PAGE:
In practice, motor power and current are also measured during each 16.67 ms period and both are plotted along with torque versus speed in real time. The test system computer then employs algorithms to instantly pick out each specific point of interest (locked-rotor torque and current, pull-up torque, breakdown torque and speed, full load speed, current and power for induction motors) from the curves.


Torque Ripple and Switch Speed

Because of the high resolution with which the torque / speed curve is measured, additional information about the motor’s performance can be determined from it at no additional cost in terms of cycle time. Torque ripple and governor switch speed are examples of such information.

Torque ripple, as the name implies, is oscillation or ripple on the torque curve which can be easily seen on the graph generated by Digitorque®. An algorithm calculates a ripple torque value which may then be compared to limits for test acceptance. Torque ripple can be indicative of a number of manufacturing and material defects such as bad bearings, a bent shaft, a non-uniform air gap, rotor out of balance, rotor hits and open rotor bars. Most of these defects are not even detectable using the traditional test methods.

The speed at which the governor switch transitions power from the start winding to the run winding is an important design parameter in motors so equipped. That switch speed is an obvious feature on the Digitorque® graph. An algorithm determines the switch speed from the graph which may then be compared to limits for test acceptance.


Friction Torque Measurement

Excessive friction torque in a motor is typically due to some defect in the bearing system; defective or incorrectly installed bearings, damaged shaft, etc. Sometimes it is a characteristic of the bearing system which will not affect performance after a few minutes of run time in the application. In other applications, friction torque may be a cause for rejecting the motor. In either case, the Digitorque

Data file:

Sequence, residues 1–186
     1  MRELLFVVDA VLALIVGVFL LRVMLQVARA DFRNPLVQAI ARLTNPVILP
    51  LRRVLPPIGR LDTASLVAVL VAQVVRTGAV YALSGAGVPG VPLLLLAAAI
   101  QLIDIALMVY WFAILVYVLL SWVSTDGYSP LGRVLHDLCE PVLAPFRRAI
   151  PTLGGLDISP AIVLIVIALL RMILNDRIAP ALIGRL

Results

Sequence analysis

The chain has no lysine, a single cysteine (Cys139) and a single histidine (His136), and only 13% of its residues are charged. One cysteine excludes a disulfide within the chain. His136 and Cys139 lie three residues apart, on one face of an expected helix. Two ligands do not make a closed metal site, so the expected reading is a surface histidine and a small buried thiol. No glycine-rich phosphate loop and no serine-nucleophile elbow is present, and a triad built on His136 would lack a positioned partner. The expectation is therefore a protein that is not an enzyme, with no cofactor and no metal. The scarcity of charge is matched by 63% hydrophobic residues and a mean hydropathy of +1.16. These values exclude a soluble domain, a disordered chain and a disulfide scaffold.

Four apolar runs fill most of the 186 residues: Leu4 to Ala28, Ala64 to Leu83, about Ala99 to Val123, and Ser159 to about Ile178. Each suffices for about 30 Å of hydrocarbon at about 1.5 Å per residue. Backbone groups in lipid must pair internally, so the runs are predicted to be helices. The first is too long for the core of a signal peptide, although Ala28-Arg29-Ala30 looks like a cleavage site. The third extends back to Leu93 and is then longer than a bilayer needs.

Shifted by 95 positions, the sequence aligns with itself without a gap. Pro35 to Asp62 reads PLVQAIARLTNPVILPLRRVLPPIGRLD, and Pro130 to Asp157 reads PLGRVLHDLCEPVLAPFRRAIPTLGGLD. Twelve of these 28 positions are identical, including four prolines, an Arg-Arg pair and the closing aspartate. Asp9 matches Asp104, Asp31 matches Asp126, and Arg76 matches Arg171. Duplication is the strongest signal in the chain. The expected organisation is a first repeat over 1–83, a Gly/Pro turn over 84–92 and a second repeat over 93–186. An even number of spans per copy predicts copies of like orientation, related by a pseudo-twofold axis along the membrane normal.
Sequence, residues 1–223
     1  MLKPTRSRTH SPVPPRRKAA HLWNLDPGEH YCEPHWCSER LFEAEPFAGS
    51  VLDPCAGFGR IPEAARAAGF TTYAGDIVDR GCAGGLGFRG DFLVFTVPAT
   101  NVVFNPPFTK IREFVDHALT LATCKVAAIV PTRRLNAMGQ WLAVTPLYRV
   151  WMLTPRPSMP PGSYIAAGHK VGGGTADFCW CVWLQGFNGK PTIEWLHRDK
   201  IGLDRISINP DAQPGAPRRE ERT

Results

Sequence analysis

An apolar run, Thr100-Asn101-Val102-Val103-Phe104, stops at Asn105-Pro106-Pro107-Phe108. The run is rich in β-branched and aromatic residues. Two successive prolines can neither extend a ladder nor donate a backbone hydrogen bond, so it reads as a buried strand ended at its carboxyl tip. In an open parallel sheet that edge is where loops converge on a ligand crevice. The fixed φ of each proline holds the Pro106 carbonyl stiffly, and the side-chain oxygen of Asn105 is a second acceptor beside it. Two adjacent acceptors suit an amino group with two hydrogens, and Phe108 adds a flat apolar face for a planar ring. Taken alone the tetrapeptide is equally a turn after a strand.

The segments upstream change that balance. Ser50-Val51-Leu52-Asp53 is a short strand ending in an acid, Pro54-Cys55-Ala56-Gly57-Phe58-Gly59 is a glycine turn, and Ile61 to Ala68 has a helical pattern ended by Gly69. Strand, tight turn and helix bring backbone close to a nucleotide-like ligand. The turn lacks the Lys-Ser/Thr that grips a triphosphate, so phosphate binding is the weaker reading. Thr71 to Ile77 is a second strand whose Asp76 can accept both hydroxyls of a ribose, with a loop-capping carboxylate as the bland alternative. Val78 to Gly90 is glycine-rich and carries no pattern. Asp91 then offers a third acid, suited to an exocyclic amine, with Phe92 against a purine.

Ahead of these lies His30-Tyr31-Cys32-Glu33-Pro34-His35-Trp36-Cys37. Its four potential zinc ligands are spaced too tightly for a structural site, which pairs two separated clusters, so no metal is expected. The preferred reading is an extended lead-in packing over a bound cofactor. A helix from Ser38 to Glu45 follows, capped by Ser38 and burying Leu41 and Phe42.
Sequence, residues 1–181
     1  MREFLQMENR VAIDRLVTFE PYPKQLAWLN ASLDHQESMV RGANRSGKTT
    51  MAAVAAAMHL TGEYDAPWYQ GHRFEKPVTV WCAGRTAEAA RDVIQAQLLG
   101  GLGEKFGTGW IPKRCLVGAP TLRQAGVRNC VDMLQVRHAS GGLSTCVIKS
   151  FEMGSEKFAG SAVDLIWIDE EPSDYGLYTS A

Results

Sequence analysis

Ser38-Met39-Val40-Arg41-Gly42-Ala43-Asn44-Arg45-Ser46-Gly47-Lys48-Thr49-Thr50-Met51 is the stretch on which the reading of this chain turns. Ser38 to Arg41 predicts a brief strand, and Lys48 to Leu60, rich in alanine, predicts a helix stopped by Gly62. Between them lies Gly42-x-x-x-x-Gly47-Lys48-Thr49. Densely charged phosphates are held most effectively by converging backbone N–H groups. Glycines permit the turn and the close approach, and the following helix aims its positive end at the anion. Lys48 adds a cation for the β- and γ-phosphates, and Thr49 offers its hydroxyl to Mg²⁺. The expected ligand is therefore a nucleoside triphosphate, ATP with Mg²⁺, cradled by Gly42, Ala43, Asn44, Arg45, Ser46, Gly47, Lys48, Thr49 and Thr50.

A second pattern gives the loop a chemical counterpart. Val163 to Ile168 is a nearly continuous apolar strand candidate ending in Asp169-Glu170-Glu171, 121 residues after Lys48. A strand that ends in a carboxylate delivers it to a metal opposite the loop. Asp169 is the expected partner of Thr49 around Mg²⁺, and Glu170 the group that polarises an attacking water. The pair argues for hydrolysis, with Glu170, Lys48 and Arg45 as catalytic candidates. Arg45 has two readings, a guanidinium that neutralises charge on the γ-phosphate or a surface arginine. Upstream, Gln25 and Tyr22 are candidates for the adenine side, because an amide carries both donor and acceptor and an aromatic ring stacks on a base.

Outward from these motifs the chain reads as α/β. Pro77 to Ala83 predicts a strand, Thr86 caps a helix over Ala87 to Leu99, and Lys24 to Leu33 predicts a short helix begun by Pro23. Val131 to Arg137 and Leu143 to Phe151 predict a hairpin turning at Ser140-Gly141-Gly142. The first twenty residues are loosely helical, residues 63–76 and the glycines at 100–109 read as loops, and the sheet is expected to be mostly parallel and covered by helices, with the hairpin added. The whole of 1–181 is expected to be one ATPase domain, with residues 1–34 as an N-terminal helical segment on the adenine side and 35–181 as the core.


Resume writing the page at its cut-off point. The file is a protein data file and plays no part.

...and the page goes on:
® method is used to measure the torque applied to the test fixture shaft by the friction of the bearings. That measurement may then be compared to limits for test acceptance or the entire torque / speed graph may be adjusted to compensate for the friction torque.


Coupling to the Motor Shaft

There should be little doubt by this point that 100 percent production testing using the Digitorque® method is desirable. One concern that remains, however, is the shaft coupling requirement. Although it is a fairly simple matter to accomplish in a manually loaded test fixture, coupling to a motor shaft in an automated test system may be less straight-forward. The following examples illustrate how the automated coupling issue has been dealt with effectively in fully automated test systems.

The first example is a small, low-power motor with a threaded shaft. In this application, a small portion of nonthreaded shaft was available for clamping to via a collet.

The motors were located in nests, shaft-up on an indexing table top. The test fixture assembly, consisting of a centering mechanism, the collet mechanism, shaft, flywheel and encoder was lowered from above.

The next example is an automotive-type DC starter motor. The motors were mounted on pallets, shaft / gear end down, during the assembly process. When they arrived at the test station, the pallets were clamped in place and the fixture assembly consisting of a mating gear, shaft, flywheel and encoder was raised into position from below. When the motor was energized, the drive mechanism caused the gears to engage similar to the way it would in the application. This method had the added advantage that it verified proper operation of the drive mechanism as well as tested the motor under load.